That being said, I just spent the past few weeks at Ft. Bragg and several months last year spending time all over the base. I didn’t see these barracks, but what I did see impresed me. There is a massive amout of construction going on there. At least a dozen new BEQ’s being built simultaneously in one location alone. New chow halls and work spaces as well.

Similar construction is underway on Ft. Campbell, Ft. Riley and Ft. Carson. Upgrades are being made and old (non-historic) buildings are coming down. Also, new off base military housing is going up and upgrades made to existing units.

Again though, this is not an attempt to lighten the issue these soldiers are facin. It’s deplorable and someone needs to answer for it. If these buildings were decommissioned and are being reopened for temporary use, they should have been brought up to spec or never used at all. I’m sure there are several barracks buildings on base that could be used as temporary housing until something permanent was assigned.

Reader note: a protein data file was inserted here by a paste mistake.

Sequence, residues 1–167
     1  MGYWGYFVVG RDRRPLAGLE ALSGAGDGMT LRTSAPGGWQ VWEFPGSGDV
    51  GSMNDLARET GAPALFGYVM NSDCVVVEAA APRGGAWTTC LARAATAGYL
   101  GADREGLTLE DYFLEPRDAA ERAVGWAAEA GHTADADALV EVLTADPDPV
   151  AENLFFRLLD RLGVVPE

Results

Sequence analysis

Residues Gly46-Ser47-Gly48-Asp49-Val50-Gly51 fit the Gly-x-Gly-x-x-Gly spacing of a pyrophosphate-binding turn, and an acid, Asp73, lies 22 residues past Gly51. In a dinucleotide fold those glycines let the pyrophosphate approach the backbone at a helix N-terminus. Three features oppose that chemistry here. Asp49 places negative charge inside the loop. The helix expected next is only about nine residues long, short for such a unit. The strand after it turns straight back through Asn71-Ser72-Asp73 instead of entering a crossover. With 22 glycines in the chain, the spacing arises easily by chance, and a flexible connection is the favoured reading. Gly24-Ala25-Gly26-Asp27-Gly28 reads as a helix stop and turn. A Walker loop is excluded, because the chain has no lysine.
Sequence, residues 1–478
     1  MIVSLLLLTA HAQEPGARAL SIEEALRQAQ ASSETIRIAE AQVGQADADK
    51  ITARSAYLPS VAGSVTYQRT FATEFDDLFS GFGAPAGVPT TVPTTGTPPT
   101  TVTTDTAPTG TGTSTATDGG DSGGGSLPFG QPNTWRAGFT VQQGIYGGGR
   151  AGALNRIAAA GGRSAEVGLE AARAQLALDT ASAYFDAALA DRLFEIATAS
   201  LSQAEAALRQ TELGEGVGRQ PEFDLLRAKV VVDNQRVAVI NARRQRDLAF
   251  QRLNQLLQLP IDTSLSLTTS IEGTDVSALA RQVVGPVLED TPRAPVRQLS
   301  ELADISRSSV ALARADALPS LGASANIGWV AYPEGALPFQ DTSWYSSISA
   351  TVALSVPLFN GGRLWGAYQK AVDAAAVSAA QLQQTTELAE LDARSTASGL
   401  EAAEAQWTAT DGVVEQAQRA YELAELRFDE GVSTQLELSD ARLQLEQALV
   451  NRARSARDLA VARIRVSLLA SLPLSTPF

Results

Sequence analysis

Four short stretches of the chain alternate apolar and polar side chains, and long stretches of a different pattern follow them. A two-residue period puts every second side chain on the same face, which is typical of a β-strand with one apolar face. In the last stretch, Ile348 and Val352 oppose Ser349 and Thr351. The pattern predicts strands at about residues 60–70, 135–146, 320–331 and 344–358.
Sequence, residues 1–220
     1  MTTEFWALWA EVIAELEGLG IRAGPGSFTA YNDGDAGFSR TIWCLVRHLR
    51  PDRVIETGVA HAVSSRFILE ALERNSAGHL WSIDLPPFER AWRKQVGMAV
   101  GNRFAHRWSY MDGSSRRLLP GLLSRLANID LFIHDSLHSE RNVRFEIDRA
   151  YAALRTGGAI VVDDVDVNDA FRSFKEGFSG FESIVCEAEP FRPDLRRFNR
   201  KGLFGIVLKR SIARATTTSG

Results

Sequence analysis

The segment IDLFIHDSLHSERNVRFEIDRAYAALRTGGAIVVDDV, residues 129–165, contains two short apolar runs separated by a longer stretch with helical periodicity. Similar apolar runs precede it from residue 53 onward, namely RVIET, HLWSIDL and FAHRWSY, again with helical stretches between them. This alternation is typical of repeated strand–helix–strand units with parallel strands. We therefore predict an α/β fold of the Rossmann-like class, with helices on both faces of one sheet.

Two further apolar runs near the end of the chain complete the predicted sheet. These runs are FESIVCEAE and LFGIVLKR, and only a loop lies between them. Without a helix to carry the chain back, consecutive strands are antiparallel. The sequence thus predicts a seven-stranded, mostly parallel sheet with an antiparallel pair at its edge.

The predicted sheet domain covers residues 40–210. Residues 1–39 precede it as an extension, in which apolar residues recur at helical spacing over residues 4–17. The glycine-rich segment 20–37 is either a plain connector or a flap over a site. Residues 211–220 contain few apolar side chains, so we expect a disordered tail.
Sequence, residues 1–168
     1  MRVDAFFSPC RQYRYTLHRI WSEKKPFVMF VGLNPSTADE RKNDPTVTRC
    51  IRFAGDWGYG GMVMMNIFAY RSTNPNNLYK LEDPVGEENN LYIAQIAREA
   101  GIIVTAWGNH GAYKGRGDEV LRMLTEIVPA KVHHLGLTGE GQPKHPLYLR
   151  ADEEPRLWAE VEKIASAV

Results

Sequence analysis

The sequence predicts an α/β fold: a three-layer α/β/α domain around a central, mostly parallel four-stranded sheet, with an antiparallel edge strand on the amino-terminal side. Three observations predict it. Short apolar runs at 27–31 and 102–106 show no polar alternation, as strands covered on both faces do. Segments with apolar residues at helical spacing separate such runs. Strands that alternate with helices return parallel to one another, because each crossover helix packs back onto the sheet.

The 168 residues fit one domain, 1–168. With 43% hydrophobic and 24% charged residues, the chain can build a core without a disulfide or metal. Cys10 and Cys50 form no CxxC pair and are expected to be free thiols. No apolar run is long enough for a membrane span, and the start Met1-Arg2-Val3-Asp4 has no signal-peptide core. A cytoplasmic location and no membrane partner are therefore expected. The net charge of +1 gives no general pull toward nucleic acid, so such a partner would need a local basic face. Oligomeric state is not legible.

I’ve spoken to more than a few soldiers in the past few years, in my travels as a contractor and I can honestly say that the morale and attitude of these men and women is overwhelmingly positive. Doing this to them is nothing short of criminal in light of what they go through in service to their country.
 
Written By: Ryan
URL: http://bigbadwolfsblog.blogspot.com
That being said, I just spent the past few weeks at Ft. Bragg and several months last year spending time all over the base. I didn’t see these barracks, but what I did see impresed me. There is a massive amout of construction going on there. At least a dozen new BEQ’s being built simultaneously in one location alone. New chow halls and work spaces as well.
I understand Ryan, and I’m obviously glad to hear that.

However, as noted, the point of the post is it is inexcusable that any soldier is placed in barracks in that shape for any reason. And while it may be an isolated incident and not indicative of what happens the majority of the time, it was (and is) a bad decision and one for which someone should answer.